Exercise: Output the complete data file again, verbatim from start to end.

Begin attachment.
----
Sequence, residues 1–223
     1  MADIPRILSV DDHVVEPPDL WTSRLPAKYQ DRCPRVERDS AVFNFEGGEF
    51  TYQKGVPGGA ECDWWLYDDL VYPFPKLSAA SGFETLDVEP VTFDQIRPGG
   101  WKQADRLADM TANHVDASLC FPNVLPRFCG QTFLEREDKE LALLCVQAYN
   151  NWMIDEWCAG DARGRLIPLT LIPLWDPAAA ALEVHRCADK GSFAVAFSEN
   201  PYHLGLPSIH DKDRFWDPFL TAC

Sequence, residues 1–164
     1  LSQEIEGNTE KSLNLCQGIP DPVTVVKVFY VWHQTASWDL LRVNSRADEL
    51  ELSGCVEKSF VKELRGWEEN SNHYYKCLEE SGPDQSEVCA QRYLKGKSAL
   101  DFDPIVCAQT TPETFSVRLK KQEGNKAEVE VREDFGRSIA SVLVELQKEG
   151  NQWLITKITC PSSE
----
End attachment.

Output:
Sequence, residues 1–223
     1  MADIPRILSV DDHVVEPPDL WTSRLPAKYQ DRCPRVERDS AVFNFEGGEF
    51  TYQKGVPGGA ECDWWLYDDL VYPFPKLSAA SGFETLDVEP VTFDQIRPGG
   101  WKQADRLADM TANHVDASLC FPNVLPRFCG QTFLEREDKE LALLCVQAYN
   151  NWMIDEWCAG DARGRLIPLT LIPLWDPAAA ALEVHRCADK GSFAVAFSEN
   201  PYHLGLPSIH DKDRFWDPFL TAC

Sequence, residues 1–164
     1  LSQEIEGNTE KSLNLCQGIP DPVTVVKVFY VWHQTASWDL LRVNSRADEL
    51  ELSGCVEKSF VKELRGWEEN SNHYYKCLEE SGPDQSEVCA QRYLKGKSAL
   101  DFDPIVCAQT TPETFSVRLK KQEGNKAEVE VREDFGRSIA SVLVELQKEG
   151  NQWLITKITC PSSE